When a loved one passes away, probate proceedings are hopefully not the first thing on their relatives’ minds. Probate is, however, an inevitability, even when a trust is present and effective. But inheritance is not always the blessing that the public conscious imagines it to be. The simple truth is that owning property in California is an expensive endeavor that carries with it tons of monetary responsibility. Faced with the possibility of inheriting something an individual simply cannot afford, there is an option: a disclaimer of interest.
A disclaimer of interest is, essentially, a written statement to the probate court where someone who stands to inherit property or assets states that they do not wish to exercise that inheritance. They “disclaim” any right to receive the interest that they otherwise would.
Specifically, Probate Code section 275 provides: “A beneficiary may disclaim any interest, in whole or in part, by filing a disclaimer of as provided in this part.”
Moreover, Probate Code section 278 states, “the disclaimer shall be in writing, shall be signed by the disclaimant, and shall: (a) Identify the creator of the interest. (b) Describe the interest to be disclaimed. (c) State the disclaimer and the extent of the disclaimer.”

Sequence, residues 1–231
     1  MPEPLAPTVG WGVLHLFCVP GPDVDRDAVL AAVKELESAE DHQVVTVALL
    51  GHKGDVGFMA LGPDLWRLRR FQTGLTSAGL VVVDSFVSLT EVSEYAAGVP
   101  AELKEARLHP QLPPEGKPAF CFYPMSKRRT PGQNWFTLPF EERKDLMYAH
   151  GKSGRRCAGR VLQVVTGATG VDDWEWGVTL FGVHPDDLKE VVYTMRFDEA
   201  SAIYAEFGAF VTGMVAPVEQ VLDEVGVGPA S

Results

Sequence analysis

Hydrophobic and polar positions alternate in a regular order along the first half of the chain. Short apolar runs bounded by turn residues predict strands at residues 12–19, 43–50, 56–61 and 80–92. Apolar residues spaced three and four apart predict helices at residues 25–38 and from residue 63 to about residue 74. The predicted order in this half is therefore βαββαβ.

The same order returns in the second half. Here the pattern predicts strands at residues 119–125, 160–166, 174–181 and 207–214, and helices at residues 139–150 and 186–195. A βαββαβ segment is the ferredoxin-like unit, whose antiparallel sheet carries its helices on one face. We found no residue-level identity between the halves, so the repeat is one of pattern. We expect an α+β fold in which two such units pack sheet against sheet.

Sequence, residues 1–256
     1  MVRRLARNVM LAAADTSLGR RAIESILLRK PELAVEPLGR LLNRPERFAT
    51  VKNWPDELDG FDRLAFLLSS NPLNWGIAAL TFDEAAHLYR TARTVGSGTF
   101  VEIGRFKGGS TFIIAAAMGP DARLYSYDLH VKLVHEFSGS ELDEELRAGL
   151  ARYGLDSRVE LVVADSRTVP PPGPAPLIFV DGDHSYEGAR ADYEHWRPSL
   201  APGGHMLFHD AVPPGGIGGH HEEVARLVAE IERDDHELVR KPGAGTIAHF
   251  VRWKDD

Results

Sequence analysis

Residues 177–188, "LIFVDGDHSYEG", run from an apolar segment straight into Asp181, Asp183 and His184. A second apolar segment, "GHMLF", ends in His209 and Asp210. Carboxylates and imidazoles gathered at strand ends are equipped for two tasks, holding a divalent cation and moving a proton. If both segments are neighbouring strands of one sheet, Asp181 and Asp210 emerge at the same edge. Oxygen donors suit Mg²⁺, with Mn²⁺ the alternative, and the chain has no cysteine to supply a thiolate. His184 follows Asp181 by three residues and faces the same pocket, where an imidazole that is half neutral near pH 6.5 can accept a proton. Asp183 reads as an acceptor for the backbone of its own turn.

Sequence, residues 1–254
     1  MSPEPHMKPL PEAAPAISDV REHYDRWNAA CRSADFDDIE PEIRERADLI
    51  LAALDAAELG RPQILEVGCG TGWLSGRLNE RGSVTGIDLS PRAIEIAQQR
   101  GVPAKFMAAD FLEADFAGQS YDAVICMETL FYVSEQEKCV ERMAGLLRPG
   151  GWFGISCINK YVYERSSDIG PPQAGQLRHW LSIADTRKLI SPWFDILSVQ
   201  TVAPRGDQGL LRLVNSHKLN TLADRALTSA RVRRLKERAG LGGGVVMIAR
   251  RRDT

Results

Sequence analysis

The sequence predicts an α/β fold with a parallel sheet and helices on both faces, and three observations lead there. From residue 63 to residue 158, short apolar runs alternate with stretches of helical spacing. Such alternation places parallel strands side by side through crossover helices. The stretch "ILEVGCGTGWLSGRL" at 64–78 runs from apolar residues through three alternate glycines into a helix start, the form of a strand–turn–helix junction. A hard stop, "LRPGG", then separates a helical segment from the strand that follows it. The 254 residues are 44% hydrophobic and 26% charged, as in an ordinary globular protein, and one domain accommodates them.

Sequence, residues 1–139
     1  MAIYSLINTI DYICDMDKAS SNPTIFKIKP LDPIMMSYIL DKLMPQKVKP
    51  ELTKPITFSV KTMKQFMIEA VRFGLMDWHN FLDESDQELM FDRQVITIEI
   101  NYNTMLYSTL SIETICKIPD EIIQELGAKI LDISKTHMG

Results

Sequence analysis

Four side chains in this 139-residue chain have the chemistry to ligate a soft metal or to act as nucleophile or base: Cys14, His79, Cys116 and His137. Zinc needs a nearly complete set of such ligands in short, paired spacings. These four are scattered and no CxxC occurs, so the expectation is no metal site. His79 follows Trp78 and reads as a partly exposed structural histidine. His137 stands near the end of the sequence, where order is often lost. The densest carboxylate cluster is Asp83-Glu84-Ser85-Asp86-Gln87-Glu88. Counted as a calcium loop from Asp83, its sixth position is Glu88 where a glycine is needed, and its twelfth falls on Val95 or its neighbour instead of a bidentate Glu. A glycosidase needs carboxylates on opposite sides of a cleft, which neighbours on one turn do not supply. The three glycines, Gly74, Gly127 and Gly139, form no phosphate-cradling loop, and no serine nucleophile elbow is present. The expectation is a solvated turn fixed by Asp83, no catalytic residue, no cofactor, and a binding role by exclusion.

That said, executing a proper disclaimer is difficult to do, and with the complexities inherent to probate proceedings, securing the right attorney can make all the difference. At the Underwood Law Firm, our attorneys are well-versed in these matters and are ready to assist. As such, potential litigants should not hesitate to contact our office so that our team can begin helping you achieve your litigation goals.
How does a disclaimer of interest work?
When people with any assets or property die, they leave behind an “interest.” This interest is usually thought of as their property, both real and personal in nature. (Prob. Code § 267.) But, under the Probate Code, the term “interest” is actually quite broad. Yes, it does include real property and personal property, but it also refers to other assets and even fractional shares of those assets or property. (Id.)
It can also refer to legal interests or rights “related to property.” For instance, say someone is the successor trustee to a trust that contains the family home. When the trustee(s) pass away, that “right” of the successor trustee to begin managing the trust is, under the Probate Code, an interest. (Id.)